The Snow Queen, or
When Christmas Freezes Over!
Full of family fun, this is one cool play to take the kids
|Piccolo Theatre presents|
|The Snow Queen,
or When Christmas Freezes Over!
Review by Anuja Vaidya
Fairytales tend to be incredibly predictable. Most involve good triumphing over evil, love conquering all and a couple of good-hearted creatures who often have magical capabilities. But that is precisely what I love about fairytales. There is a comfort to knowing that a happy ending is guaranteed and that the proverbial hero and heroine will ride off into the sunset together. It allows you to sit back, relax and enjoy the journey, as it were. Piccolo Theatre‘s The Snow Queen, or When Christmas Freezes Over includes all the fairytale clichés that make them so wonderfully predictable, and then some. Mixing the highbrow and lowbrow, the silly and sophisticated, this production gives audiences two hours of family fun – although it tends to lack luster on some counts.
The plot is fairly straightforward, but punctuated with some wonderful meta-moments and contemporary political humor. The lovely and pure-at-heart Gerda is hopelessly in love with the kind, and sometimes vapid, Kai. She is so in love with him that she becomes completely tongue-tied around him, and hence has never been able to express how she truly feels. Enter her rather bawdy but well-meaning grandmother and their two servants who are also hoping for a happy ending for Kai and Gerda. But trouble rears its ugly head in the form of the Snow Queen. She is vain and selfish and uses her powers to coerce people into doing whatever she wants. However, the most evil, heinous and unforgivable aspect of her character is her love of terrible snow-related puns. No, really, they are chilling (no pun intended). The Snow Queen steals Kai away, with the help of her loyal servants – a troll and couple of snow bees. Our heroine must then embark on a brave quest with her loyal helpers to rescue him. And along the way she finds courage she didn’t know she had, but of course.
As with most of Piccolo’s productions, the costumes and sets are lovely. The costumes, by Trina McGee, are brightly colored and many have big patterns, making for great visuals and adding to the silly and child-like nature of the production. Kari Warfield and Angela Guest have gone through great efforts to create a magical world with the scenic design. A particularly impressive touch is the use of puppetry in the form of cutouts of different creatures, which appears to be suspended in mid-air. They visually represent the battle of pun-related jokes between two of the characters. While this certainly adds to the play and is enjoyable to watch, it moves a tad too slowly. The rather slow movements of the creatures in the air take away from the sense of urgency and suspense that should be there at that moment in the play.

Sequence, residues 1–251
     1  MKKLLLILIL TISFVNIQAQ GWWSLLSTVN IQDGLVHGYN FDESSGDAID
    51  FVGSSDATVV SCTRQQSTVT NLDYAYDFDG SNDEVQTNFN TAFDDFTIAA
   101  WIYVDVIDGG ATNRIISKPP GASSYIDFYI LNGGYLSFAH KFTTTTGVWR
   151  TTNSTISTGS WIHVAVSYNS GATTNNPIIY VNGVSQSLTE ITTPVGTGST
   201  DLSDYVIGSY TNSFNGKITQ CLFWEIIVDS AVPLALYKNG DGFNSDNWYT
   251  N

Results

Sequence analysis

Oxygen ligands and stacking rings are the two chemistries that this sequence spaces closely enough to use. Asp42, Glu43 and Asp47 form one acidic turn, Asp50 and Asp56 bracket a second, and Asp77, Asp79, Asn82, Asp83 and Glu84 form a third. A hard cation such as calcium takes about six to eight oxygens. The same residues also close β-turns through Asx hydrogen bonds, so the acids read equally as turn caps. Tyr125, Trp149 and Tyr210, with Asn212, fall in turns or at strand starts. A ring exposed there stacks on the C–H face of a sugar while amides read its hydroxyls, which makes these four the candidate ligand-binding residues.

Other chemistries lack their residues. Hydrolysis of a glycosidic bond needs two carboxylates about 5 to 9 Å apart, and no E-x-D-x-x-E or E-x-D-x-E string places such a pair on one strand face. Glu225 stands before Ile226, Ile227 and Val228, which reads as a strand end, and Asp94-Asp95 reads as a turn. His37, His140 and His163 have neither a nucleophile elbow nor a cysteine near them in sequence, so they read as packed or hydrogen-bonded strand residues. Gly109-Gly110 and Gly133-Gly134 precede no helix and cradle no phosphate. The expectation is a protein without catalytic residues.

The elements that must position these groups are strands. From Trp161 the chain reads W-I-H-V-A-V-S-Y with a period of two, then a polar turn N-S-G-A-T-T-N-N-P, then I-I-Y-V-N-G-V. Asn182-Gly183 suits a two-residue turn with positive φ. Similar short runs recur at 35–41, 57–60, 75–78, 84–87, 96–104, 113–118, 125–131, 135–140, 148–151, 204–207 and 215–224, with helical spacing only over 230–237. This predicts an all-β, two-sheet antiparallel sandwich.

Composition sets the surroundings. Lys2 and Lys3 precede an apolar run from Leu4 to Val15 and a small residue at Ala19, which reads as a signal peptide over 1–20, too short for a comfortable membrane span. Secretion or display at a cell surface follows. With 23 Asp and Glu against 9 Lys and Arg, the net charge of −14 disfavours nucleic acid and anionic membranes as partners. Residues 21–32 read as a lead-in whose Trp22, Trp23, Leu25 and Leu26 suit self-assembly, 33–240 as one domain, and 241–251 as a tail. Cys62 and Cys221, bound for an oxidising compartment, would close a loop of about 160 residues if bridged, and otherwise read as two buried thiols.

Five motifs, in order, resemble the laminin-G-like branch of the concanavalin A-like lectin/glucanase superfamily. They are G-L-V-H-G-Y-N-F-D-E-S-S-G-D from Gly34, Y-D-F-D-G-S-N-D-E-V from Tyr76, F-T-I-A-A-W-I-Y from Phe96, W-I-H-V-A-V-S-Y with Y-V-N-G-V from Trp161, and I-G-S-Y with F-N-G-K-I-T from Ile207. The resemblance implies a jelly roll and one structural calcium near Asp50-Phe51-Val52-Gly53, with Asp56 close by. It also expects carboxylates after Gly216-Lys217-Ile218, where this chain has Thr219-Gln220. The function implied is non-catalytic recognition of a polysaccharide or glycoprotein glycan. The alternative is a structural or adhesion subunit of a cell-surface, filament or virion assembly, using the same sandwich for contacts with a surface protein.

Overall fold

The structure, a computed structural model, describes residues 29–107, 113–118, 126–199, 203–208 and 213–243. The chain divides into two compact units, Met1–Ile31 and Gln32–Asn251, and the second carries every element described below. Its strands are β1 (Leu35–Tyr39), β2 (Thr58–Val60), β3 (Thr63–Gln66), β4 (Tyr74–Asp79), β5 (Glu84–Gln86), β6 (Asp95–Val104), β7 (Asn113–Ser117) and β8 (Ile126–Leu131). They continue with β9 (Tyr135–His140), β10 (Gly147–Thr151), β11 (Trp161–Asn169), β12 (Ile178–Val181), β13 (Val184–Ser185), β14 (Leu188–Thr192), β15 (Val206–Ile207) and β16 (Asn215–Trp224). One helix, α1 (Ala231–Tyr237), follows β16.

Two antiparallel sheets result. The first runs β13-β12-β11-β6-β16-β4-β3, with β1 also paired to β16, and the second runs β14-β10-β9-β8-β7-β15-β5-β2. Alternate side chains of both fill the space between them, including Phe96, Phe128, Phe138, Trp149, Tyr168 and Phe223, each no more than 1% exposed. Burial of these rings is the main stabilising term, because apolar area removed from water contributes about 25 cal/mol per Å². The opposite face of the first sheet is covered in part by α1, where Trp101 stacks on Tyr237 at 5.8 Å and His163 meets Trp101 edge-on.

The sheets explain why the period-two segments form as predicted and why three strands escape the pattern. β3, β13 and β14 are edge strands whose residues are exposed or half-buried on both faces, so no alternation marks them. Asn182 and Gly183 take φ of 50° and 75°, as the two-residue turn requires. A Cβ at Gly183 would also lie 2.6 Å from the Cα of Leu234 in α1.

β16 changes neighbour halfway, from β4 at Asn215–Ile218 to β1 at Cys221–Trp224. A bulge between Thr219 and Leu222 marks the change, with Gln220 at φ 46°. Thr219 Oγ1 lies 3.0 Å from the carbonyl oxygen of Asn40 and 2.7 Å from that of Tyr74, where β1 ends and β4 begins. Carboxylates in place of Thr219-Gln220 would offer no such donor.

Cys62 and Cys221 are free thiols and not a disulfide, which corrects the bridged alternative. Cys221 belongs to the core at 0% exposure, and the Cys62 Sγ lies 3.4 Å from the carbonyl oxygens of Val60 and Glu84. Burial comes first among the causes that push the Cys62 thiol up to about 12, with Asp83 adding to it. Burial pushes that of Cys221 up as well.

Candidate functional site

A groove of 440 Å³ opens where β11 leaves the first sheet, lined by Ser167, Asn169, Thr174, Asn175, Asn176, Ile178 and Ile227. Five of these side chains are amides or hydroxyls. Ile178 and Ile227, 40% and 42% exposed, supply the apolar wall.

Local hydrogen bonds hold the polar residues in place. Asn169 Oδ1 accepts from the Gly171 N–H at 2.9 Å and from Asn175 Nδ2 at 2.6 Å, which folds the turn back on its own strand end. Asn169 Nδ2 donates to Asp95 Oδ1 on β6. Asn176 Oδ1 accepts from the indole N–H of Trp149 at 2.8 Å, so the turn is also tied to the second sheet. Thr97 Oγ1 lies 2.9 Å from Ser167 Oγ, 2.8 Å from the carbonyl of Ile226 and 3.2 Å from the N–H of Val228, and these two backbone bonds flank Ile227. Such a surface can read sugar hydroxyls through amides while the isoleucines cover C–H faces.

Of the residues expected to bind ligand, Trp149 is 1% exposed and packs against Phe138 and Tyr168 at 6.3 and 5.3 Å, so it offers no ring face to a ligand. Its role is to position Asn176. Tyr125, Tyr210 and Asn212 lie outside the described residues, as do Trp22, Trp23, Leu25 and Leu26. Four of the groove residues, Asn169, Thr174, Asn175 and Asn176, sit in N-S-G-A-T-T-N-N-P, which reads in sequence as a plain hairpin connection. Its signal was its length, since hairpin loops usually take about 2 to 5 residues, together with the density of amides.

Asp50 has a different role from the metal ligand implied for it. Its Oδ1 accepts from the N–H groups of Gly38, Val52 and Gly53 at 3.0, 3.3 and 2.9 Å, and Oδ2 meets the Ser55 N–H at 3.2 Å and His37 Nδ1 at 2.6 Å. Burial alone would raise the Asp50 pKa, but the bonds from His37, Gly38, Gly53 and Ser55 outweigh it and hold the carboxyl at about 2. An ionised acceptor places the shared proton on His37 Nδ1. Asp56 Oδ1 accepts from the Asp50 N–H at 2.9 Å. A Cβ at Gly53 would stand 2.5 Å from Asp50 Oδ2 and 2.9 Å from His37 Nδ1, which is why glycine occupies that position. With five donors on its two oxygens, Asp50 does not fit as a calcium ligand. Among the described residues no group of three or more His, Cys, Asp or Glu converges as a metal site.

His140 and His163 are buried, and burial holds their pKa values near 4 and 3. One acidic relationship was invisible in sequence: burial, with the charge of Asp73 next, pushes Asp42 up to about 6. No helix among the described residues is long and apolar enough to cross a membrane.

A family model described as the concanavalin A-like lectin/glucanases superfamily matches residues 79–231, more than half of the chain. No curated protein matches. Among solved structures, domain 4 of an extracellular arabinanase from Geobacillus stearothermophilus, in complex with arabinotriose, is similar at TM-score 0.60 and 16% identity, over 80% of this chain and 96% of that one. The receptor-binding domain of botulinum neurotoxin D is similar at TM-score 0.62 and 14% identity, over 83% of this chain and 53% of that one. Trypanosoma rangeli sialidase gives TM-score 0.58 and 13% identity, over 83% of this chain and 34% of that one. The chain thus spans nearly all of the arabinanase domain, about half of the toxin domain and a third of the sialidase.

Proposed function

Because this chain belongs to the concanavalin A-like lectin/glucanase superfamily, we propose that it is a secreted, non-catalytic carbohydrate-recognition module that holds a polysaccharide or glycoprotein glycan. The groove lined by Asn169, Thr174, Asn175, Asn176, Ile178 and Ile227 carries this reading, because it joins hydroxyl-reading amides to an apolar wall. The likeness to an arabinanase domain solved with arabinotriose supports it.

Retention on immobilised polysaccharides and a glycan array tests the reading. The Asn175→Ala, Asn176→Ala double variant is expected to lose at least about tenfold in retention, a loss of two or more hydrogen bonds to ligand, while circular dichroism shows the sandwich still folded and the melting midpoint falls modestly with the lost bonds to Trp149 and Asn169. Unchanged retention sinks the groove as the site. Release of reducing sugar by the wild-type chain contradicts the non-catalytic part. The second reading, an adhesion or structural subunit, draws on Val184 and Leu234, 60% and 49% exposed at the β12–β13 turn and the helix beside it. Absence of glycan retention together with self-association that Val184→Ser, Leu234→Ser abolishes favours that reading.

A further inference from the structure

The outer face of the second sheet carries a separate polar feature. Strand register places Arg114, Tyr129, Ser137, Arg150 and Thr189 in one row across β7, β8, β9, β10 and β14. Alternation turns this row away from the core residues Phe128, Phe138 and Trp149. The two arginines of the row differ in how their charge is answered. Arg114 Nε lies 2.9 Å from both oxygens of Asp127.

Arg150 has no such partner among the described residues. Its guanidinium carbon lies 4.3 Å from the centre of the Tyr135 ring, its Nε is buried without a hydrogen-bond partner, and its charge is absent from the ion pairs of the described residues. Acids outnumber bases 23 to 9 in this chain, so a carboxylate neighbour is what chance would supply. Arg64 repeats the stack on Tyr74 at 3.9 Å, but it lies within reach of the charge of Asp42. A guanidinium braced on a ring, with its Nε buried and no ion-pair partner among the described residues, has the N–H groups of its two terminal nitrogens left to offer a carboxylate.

For the most part, the cast gives pitch-perfect performances. A certain amount of "hamming" is warranted, even necessary, in a pantomime, and the cast steps up to plate. Claire Hart as Gerda is an absolute delight to watch. Not only is her comic timing impeccable, she doesn’t allow Gerda to become cloyingly sweet, retaining a sense of determination and spunk that makes one respect her. Kurt Proepper as Kai also gives an enjoyable performance, perfecting the look of vapidity that his character exudes for most of the play. Joshua Allard is wonderful as the grandmother and plays her bawdiness with aplomb. The only disappointment in terms of performances is the Snow Queen herself. While Vanessa Hughes does manage to portray the Snow Queen’s vain and petty personality, there is something missing in her performance. It seems a tad dispirited, almost as though she hasn’t quite bought into the ridiculous nature of the script.
It is rare, particularly in the world of theater, to find shows that are quite genuinely "fun for the whole family." The Snow Queen, or When Christmas Freezes Over certainly fits the bill. Its mix of over-the-top humor, physical comedy and meta-jokes, ensures that it appeals to all ages. Not to mention the fact that audience is asked to interact with the actors and shout out warnings and encouragement during the show. Ultimately, the show allows for a momentary dip into a world where everything is clear-cut, where no obstacle is insurmountable and where true love always wins.
The Snow Queen, or When Hell Freezes Over! continues through December 21st at the Evanston Arts Depot, 600 Main, Evanston (map), with performances Fridays and Saturdays at 7:30pm, Sundays 3pm. Tickets are $10-$25 ($65 for a family of 4), and are available by phone (phonenumber) or online through PrintTixUSA.com (check for half-price tickets at Goldstar.com). More information at PiccoloTheatre.com. (Running time: 2 hours, includes an intermission)
Photos by Robert Erving Potter III
Josh Ballard (Erick), Andy Huttel (Derick), Claire Hart (Gerda), Joshua Allard (Dame Grandmother), Nathan Thompson (Troll), Vanessa Hughes (Snow Queen), Caitlin Aase, Sarah Mayhan, Shane Hill (the Snow Bees), Kurt Proepper (Kai), Jillian Weingart (Crow), Caitlin Aase (Ma), Shane Hill (Pa), Sarah Mayhan (Desdemona)
behind the scenes
Nicole Keating (director), Rich Maisel (music & lyrics), Lauren Goode (assistant director), Joshua Allerd, Vanessa Hughes (choreography), Amanda Kulczewski (production manager), Elyse Estes (stage manager), Steve Yandell (floor manager), Kris Kontour (technical director), Kari Warfield (scenic artist), Angela Guest (assistant scenic artist), Trina McGee (costume design), Aimee Warshall (lighting design), David W. M. Kelch (sound designer, black arts sound design), Nicholas Spence (graphic design), Lee Moore (properties design), Robert Erving Potter III (photographer)